LEXINGTON -- As he ran through the twisting streets and watched two bulls race past him, no one could blame Andy Freiheit if he reconsidered his decision to come to Pamplona.
Then again, they wouldn't know Freiheit, the former multi-sport Lexington High School athlete who celebrated his 30th birthday earlier this month by participating in the famous "running of the bulls" through the centuries-old streets in northern Spain.
It was in high school Spanish class that Freiheit learned about the famous runs, part of the nine-day Festival of Sanfermines in honor of Saint Fermin.
"I just graduated from grad school, so the timing worked out perfectly as part of my 18-day backpacking trip through Spain," Freiheit said. "Being adventurous is part of my identity and I enjoy physical and mental challenges."
'MORE THAN A BULL RUN:' Freiheit, the son of Greg and Janie Freheit, is moving to Manhattan soon to start a new job, doing private equity consulting for PwC Strategy&.
He earned a mechanical engineering degree at The Ohio State University after high school and worked for Johnson & Johnson, Dow Chemical and Alcoa.
A former class president, Freiheit jumped at an opportunity recently to attend the Massachusetts Institute of Technology, receiving a spot in a program in which he earned an MBA and also a master's degree in mechanical engineering at the same time.
He wanted a new adventure before settling into his new work routine.
"I think the world would be a better place if everyone would just throw a backpack on to travel the country and the world and experience other cultures, governments, religions and points of view," Freiheit said.
Toward that end, he chose to experience the festival as much like a local as possible, staying at an Airbnb (with no air conditioning) with local residents close to the bullring. People from Germany and France stayed in the same location.
He learned some of the locals have been running with bulls for decades.
"One local said you should be experienced or fast, but it's good to be both. I lack the former, but luckily I am still relatively fast," he said with a smile.
Freiheit compared the festival to Mardi Gras in New Orleans, with lots of celebrations and little sleep.
"It's a lot more than a bull run," he said. "I took a high-speed train there and met people already dressed for the occasion (in the traditional white with red trim). They played music for us and we danced and partied the whole way.
"When I arrived, the party never stopped. Bars were always open. Bands were always playing. People were always smiling and dancing," he said.
JOINING THE BULLS: It was all business on the morning of Freiheit's half-mile run. Participants need to get into the streets at least 30 minutes before the run that snakes along narrow streets through the Casco Viejo (Old Quarter) of Pamplona.
On paper, it's only 875 meters. But the streets are riddled with hazards for both runners and animals. There are sharp right angles, perilous slopes, uneven pavements and a tricky bottleneck at the end where the bulls are funneled into the bullring.
More than a dozen runners have died since record-keeping began in 1910.
"Multiple police checkpoints confirm nobody is drunk or carrying anything illegal," Freiheit said. "Everybody is singing in the narrow streets that are lined with spectators on the six-story balconies."
Law enforcement and organizers make sure restaurants and bars are closed and boarded up along the route.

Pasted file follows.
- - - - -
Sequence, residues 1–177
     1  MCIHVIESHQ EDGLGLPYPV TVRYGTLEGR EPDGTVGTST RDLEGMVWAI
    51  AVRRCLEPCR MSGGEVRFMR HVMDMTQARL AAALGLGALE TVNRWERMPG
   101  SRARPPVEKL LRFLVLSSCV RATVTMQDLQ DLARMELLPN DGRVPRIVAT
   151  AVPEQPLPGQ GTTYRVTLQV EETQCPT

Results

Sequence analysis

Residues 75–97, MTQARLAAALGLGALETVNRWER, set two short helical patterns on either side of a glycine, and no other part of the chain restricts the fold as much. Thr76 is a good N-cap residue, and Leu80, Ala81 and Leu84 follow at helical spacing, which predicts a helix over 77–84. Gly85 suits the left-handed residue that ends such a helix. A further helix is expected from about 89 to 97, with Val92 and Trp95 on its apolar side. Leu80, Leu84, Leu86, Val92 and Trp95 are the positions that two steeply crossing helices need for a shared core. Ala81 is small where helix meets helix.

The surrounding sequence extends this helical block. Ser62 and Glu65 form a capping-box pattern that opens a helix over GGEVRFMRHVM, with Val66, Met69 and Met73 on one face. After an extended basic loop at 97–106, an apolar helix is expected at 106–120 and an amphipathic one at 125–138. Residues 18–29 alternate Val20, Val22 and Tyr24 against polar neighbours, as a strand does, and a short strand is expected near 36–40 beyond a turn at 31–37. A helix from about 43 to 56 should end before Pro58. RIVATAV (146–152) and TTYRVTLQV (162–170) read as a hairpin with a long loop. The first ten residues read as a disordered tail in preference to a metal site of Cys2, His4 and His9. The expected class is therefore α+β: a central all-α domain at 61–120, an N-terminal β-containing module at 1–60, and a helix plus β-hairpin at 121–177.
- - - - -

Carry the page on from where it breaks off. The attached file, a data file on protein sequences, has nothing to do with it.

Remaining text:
"That keeps the bulls contained, but it also means you're basically trapped in with them -- no turning back," Freiheit said.
Canons are fired to let runners know the bulls have been released.
"That's when it turned from nervous excitement to 'oh sh..!" Freiheit said. "You see people jogging slowly, then you hear the bells on the (bulls') necks. Then it's off to the races.
"A couple of bulls ran by me, then I ran next to the third bull all the way into the stadium," he said. "During the run, I saw multiple people get run over or tossed. The runners try to distract and pull the bull when it was on top of people.
"They had bloody noses and bodies, but I think people had so much adrenaline that they didn't act injured.
"Running into the stadium was the closest I'll ever feel to a gladiator. The entire Roman design-inspired (Plaza de Toros de Valencia) stadium was filled with about 12,000 people dressed in white cheering us on."
After the last bull entered the stadium, the gates were closed and Freiheit got to celebrate with other runners who successfully made the trek.
"For the next 30 minutes, they would release one smaller bull into the arena and it ran around until it got tired. People would try to touch the bull. NFL player Josh Norman was there this year and he jumped over one," Freiheit said.
THE PARTY CONTINUES: Freiheit went to the bullring where the bulls from his morning run take on a matador.
"It got rained out, but the experience was almost the same. Supposedly, most of the crowd doesn't even watch it. They bring in literally buckets of sangria and other alcohol and a ton of food. You can buy food there, but the experienced (fans) come prepared.
"Small bands play songs and the crowd sings along like they are at a soccer game. The old concrete seats add to the cultural experience," he said.
The actual run was just a small part of the fun, according to Freiheit.
"I met locals who introduced me to all their friends and family, and even invited me over for a great homemade Spanish dinner.
"My advice (to people) is go! Even if you're not going to run with the bulls. the festival is an amazing cultural experience. The locals welcome you with open arms -- and plenty of sangria!"